Wednesday, March 30, 2016

So my Data is Backed up, Now What?

In honor of World Backup Day, it seemed appropriate to discuss some of the often overlooked, nevertheless important, aspects of backing up data. While creating backup copies of all relevant files is an important piece, it is only part of the data recovery process. The best way to be prepared for a data emergency or data loss goes beyond simply copying files to a secondary location. The Backup Rule of 3 states:


1 Off-site backup - If the house burns down the USB drive sitting next to the computer is not protecting any files.

2 Different formats - Combine different types of storage - local hard drive, USB drive, cloud storage, CD's or DVD's, etc.  Mix any two for best results.

3 Copies of important files - Losing a device means one copy is wiped out. Consider what happens if a backup copy is corrupted? 


The Backup Rule of 3 is good advice for anyone with data they cannot afford to lose. The cost of data loss is of course somewhat subjective and unique to the person or business who lost it. Losing pertinent or critical business files translates into monetary costs, while losing family photos that can never be replaced causes an emotional loss that cannot be translated into a tangible amount.

Once a system is in place for regularly creating data backups, it is imperative to check these files. If you are looking for a backup solution, consider our cloud based online backup service. Here are some reasons why it is not enough to simply back up files and forget them:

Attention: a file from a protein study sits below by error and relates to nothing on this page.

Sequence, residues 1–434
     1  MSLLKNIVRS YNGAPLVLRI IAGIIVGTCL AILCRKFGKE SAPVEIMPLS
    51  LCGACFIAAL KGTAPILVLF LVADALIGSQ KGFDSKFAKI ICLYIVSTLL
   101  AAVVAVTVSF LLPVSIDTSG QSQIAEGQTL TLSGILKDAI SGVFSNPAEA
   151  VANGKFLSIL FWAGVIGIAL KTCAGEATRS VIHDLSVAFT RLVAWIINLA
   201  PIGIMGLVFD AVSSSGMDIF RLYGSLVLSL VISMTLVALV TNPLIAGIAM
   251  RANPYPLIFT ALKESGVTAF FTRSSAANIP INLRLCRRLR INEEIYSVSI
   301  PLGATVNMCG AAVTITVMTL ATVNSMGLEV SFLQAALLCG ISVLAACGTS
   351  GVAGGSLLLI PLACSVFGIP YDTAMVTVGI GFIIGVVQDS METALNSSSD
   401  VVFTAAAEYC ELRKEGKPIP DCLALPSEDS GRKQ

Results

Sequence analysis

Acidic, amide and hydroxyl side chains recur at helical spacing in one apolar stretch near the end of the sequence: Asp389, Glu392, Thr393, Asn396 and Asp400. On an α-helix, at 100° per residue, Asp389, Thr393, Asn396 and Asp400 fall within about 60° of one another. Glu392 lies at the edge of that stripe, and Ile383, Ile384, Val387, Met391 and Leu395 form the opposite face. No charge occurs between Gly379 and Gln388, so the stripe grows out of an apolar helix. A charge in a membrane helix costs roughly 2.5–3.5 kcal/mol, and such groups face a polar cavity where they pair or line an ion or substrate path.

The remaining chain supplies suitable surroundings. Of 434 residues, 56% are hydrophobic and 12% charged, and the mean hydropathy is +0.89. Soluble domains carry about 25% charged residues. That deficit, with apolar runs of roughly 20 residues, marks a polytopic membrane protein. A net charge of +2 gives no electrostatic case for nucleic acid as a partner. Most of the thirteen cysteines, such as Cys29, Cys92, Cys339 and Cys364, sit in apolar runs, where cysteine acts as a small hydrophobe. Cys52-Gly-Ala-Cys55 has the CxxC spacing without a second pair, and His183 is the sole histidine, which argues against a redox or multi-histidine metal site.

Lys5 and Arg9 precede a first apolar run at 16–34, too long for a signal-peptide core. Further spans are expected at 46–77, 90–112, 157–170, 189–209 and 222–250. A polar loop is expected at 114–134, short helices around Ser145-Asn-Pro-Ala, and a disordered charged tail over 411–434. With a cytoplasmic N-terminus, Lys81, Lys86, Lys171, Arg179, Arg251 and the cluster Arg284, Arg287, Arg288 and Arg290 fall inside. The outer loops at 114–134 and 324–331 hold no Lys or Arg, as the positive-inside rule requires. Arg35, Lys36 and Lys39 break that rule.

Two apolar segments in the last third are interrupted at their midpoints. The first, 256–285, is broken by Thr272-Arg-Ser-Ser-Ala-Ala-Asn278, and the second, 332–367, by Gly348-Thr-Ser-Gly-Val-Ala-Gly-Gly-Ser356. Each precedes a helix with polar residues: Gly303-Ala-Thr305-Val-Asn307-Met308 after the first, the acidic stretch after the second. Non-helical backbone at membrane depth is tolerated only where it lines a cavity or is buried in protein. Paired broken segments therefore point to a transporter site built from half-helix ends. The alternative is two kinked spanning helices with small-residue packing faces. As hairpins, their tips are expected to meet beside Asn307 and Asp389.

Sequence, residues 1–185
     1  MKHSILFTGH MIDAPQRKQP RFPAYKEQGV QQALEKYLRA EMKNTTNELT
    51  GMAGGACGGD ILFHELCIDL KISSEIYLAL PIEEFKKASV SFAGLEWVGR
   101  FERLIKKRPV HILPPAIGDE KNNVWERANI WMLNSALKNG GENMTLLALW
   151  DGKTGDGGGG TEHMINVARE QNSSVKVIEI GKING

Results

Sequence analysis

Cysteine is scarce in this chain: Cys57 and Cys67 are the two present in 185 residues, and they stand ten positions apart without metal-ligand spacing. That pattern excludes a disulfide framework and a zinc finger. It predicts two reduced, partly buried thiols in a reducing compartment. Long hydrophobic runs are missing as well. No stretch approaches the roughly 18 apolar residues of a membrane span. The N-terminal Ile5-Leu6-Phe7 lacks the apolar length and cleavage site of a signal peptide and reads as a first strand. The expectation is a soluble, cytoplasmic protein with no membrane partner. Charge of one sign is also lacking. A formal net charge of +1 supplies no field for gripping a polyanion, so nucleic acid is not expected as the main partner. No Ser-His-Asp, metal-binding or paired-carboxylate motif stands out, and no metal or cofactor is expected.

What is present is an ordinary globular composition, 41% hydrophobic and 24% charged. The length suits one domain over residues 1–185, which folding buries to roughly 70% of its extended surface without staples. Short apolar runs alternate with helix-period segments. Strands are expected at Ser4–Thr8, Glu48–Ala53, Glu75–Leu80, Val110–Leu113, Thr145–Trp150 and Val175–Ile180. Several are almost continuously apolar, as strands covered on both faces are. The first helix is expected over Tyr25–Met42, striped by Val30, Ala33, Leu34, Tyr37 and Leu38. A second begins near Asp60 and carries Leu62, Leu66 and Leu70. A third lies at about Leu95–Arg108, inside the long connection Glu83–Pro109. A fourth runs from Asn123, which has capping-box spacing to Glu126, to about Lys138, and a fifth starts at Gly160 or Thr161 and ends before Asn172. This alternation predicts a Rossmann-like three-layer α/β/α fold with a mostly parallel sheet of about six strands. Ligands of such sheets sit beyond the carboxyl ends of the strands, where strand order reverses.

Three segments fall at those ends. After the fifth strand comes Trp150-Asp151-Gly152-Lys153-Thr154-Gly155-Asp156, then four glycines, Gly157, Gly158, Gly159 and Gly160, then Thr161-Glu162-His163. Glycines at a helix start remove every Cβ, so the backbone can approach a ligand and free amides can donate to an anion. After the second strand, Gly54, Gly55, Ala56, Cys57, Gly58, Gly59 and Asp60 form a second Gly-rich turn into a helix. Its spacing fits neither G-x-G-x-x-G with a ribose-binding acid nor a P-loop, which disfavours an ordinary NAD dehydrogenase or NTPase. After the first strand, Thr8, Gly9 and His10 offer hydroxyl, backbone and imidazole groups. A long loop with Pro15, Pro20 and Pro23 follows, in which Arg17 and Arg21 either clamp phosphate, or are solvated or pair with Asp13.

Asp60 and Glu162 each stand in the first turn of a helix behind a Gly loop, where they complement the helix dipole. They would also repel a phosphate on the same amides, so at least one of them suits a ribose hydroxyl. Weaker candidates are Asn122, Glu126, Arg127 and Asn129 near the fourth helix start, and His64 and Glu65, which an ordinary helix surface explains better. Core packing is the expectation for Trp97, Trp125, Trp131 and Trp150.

• To ensure all files copied or scheduled to be backed up truly were backed up.
  • To make sure newer versions of files replaced older versions when re-using backup media.
  • To verify the files are intact, meaning they are not compromised or corrupted in any way.
  • To be sure the file permissions remain intact and the files can be opened, modified and saved.
  • To practice what the restore process entails before an emergency. Working through the process sets expectations and makes it easier to replicate if data loss occurs.
  • Lastly, to find out how long it will take to restore files so you know what to expect in a disaster situation.
Creating backup copies of files is an important step in data protection if a disaster or loss occurs, but this is only a part of the process. Following up and randomly checking the status of the backed up files is also an integral part of the backup process if you want to ensure you can successfully recover from a disaster. While it may sound tedious, checking backed up files does not require a lot of time or resources. Best practice includes regularly checking random files. This means picking different files to open/restore each time these files are checked. Once a month or once a quarter is frequent enough in most situations, but this depends upon the importance of the files and how dependent you or your business are upon them. It is important to note that only you can decide what is the right frequency for your situation.

As always, preventative maintenance takes time and follow through, but when it comes to protecting your files the rewards far outweigh the effort. Preventing data loss is a much easier process than recovering from a data disaster!

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